The longer I lived at Birtwick, the more proud and happy I felt at having such a place. Our master and mistress were respected and beloved by all who know them ; they were good and kind to everybody and everything; not only to men and women, but to horses and donkeys, dogs and cats, cattle and birds j there was no oppressed or ill-used creature that had not a friend in them, and their servants took the same tone. If any of the village children were known to treat any creature cruelly, they soon heard about it from the Hall.
The Squire and Farmer Grey had worked together, as they said, for more than twenty years to get check-reins on the cart-horses done away with, and in our parts you seldom saw them; and sometimes if mistress met a heavily-laden horse, with his head strained up, she would stop the carriage and get out, and reason with the driver in her sweet, serious voice, and try to show him how foolish and cuel it was.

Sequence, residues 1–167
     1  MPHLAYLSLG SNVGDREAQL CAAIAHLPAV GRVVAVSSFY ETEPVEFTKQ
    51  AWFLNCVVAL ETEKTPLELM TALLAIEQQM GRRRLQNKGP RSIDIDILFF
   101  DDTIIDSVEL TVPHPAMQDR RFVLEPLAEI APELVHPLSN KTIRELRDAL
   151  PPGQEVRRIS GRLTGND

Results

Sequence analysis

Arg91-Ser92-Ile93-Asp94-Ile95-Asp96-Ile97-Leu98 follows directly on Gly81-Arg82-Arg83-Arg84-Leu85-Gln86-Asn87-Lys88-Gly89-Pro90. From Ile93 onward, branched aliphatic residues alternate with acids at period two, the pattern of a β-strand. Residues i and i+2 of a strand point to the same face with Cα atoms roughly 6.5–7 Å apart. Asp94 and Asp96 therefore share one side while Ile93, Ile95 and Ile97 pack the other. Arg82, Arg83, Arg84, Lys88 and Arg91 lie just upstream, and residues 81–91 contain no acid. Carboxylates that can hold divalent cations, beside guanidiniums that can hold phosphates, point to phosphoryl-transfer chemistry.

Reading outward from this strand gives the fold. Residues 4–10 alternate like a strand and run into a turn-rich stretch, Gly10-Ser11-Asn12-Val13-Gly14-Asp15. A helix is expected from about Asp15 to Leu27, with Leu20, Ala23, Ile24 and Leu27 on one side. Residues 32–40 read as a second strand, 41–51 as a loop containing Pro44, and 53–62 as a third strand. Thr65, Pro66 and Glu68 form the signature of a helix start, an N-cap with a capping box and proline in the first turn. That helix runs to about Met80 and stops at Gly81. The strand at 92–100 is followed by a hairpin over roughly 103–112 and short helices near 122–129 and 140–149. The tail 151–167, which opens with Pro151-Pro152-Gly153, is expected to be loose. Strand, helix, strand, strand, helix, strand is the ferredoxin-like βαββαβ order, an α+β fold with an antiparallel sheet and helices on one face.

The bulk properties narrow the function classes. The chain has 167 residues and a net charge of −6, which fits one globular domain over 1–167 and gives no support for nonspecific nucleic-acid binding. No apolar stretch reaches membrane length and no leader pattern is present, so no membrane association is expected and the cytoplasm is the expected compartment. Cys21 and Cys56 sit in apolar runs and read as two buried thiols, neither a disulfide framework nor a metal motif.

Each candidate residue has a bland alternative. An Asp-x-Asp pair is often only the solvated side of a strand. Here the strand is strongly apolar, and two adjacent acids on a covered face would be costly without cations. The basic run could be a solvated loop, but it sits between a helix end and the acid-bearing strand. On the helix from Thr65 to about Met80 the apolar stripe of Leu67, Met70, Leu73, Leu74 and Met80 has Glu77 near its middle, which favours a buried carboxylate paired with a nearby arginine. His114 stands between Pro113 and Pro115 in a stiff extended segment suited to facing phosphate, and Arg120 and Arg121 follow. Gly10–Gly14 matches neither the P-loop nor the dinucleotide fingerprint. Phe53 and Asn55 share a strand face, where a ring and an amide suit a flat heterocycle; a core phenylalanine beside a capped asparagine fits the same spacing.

I don't think any man could withstand our mistress. I wish all ladies were like her. Our master, too, used to come down very heavy sometimes. I remember he was riding me toward home one morning, when we saw a powerful man driving toward us in a light pony chaise, with a beautiful little bay pony, with slender legs and a high-bred, sensitive head and face. Just as he came to the park gates, the little thing turned toward them ; the man, without word or warning, wrenched the creature's head round with such force and suddenness that he nearly threw it on its haunches; recovering itself, it was going on, when he began to lash it furiously; the pony plunged forward, but the strong heavy hand held the (50)